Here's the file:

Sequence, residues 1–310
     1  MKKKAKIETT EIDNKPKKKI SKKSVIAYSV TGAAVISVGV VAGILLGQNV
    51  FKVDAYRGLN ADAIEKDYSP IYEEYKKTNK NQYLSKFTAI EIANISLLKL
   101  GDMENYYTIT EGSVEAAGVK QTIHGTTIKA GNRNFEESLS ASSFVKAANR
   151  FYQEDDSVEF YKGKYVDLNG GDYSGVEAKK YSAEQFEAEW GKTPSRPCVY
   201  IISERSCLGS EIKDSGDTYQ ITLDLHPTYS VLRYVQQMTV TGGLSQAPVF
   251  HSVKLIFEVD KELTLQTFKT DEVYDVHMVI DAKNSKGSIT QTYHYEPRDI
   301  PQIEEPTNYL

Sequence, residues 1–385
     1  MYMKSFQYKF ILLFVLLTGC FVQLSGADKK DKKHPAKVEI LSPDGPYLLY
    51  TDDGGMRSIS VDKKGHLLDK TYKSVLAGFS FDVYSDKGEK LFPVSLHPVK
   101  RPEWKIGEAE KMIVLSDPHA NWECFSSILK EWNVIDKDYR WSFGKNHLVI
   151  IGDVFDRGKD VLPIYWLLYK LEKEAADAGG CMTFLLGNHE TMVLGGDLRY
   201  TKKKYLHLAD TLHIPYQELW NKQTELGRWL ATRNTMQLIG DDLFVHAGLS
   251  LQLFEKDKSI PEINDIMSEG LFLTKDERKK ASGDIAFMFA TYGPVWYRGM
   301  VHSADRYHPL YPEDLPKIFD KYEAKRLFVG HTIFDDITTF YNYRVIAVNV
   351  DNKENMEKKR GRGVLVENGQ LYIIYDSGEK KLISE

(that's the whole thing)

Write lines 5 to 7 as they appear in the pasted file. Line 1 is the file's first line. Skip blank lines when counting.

   151  FYQEDDSVEF YKGKYVDLNG GDYSGVEAKK YSAEQFEAEW GKTPSRPCVY
   201  IISERSCLGS EIKDSGDTYQ ITLDLHPTYS VLRYVQQMTV TGGLSQAPVF
   251  HSVKLIFEVD KELTLQTFKT DEVYDVHMVI DAKNSKGSIT QTYHYEPRDI